Jargon Buster

Retirement Planner | 01 Jan 2009 | 21:22
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The retirement arena is complicated and not without its fair share of jargon. The Retirement Planner jargon buster aims to explain the facts behind these terms and will be updated on a regular basis.

Accumulation and maintenance trust

These trusts are often used to benefit younger beneficiaries - for instance to pay for the education and maintenance of a settlor's grandchildren. Beneficiaries need not be named individually and so can include those yet to be born. However, there must be at least one living beneficiary of that class when the trust is set up. The payment age for income is set at the outset.

A-Day

Took place on 6 April 2006 and is otherwise know as pension simplification. Replaced the existing eight tax regimes with a single regime. The A-Day rules were designed to make saving into a pension less complex and they have brought many benefits. For instance individuals can now save into both a company and individual pension and can also draw a pension while working.

Age 75

The age by which the annuitant must purchase an annuity if they do not intend to go into ASP.

Alternative investment market (AIM)

AIM was launched in 1995 as a submarket to the London Stock Exchange. It enables smaller companies to float shares in a more flexible regulatory market. Investing in AIM stocks can have significant tax advantages and can be used as a means of mitigating inheritance tax.

Alternatively secured pension (ASP)

ASP was introduced in April 2006 in response to objections from religious groups opposed to annuitisation. ASP enables people to remain invested in the markets after the age of 75 - good news to those who find annuities inflexible or would prefer to defer purchase. However, ASP has been heavily taxed by the government as a means of making it less attractive. On death the remaining fund can only be used to either provide an income for dependants or make a charitable donation.

Annuity

A guaranteed, regular income paid for the duration of an individual's life. An annuity is funded by some or all of a person's pension savings. Annuities can be set up to either pay an individual's pension or also provide for that individual and their spouse/family. There are many different types of annuity available see enhanced, variable, fixed term definitions below.

At-retirement

Point at which individual decides to retire. Will often involve making decisions such as whether to purchase an annuity or go into income drawdown.

Bare trust

These trusts have no discretionary element so the gift made is considered to be absolute.

Benefit crystallisation event (BCE)

Point at which benefits from a pension are paid. An individual can have several of these during their lives and they often take place pre retirement. HMRC has identified eight different BCEs. These include the need to take a lump sum in the event of ill health, purchasing a lifetime annuity and the paying of death benefits. BCEs ensure the lifetime allowance is applied to all an individual's benefits.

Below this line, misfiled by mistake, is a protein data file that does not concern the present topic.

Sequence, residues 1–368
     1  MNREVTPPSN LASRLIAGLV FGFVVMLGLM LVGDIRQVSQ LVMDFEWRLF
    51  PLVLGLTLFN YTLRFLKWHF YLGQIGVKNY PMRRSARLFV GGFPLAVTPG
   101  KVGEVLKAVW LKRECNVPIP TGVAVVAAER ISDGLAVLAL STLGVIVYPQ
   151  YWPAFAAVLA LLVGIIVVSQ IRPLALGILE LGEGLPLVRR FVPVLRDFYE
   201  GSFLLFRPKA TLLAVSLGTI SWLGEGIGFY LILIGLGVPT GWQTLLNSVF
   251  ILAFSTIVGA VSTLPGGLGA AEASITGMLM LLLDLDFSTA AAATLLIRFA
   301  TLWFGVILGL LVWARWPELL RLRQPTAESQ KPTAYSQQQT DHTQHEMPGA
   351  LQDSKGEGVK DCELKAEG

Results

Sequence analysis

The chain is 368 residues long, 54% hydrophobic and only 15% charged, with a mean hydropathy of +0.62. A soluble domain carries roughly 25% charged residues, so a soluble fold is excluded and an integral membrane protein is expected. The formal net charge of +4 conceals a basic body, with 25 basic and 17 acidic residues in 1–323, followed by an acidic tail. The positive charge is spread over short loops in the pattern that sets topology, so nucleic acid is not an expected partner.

Capital gains tax

This is a tax payable on actual and deemed disposal of assets. The taxable gain is the difference between what the assets were sold for and the cost of their original acquisition. Capital gains tax is charged at 40%

Decumulation

Stage in life when income is taken from an individual's pension fund.

Discretionary trust

These trusts enable trustees to distribute income at their discretion so beneficiaries can be provided for according to their needs. As the trust is so flexible it also is taxed more heavily.

Equity release

Process by which retirees can release income from their homes without having to move out or sell the property. These plans are typically either home reversions or lifetime mortgages (see references below).

Enhanced annuity

Aimed at people suffering from medical conditions that may reduce their life expectancy. Enhanced annuities often pay a higher income to these individuals as a result of this perceived decreased life expectancy.

Fixed term annuity

These products enable the individual to purchase an annuity for a fixed term (i.e. ten years) rather than purchasing one that provides an income for life. They allow people to delay making irrevocable decisions until they have a better understanding of their future needs.

Government Actuary Department (GAD) limits

Minimum and maximum income withdrawal limits from an individual's unsecured pension plan. These figures are based on GAD tables on long dated gilt yields.

Home reversion

Home reversions enable individuals to sell all or part of their home. In exchange for this they will receive a tax free lump sum and are able to remain in their home rent free for as long as they wish. Both the individual and the home reversion company share any increase in the property's value. Home reversions were regulated in 2007.

Income drawdown

See unsecured pension

Index Linked annuity

Payments are guaranteed to move in line with a given index. As a result these annuities offer some protection against inflation over time.

Inflation linked annuity

These annuities offer an increasing level of annuity over the annuitant's life to take account of inflation. However, the annuitant must be prepared to accept a much lower income in the earlier years and it could take some time before payments reach the same level as a level annuity.

Inheritance tax

Otherwise know as death duty. This is a tax that arises on the death of an individual. For the 2007/2008 tax year this tax is payable on estates worth over £300,000 and comprises 40% of the surplus. This nil rate band rises every tax year. By 2010 this level (known as a nil rate band) will rise to £350,000.

Interest in possession trust

A person has an interest in possession when they have 'a present right of present enjoyment' or an immediate right to the income or enjoyment of property. In terms of IHT planning it is the "right to income" that has been used successfully in packaged solutions involving trusts and life assurance contracts, which are of course non-income producing assets. These trusts were once used regularly in inheritance tax planning as any transfers into these trusts were treated as potentially exempt transfers (PETs). However, from March 2006 they have been treated as chargeable lifetime transfers and are treated more like discretionary trusts.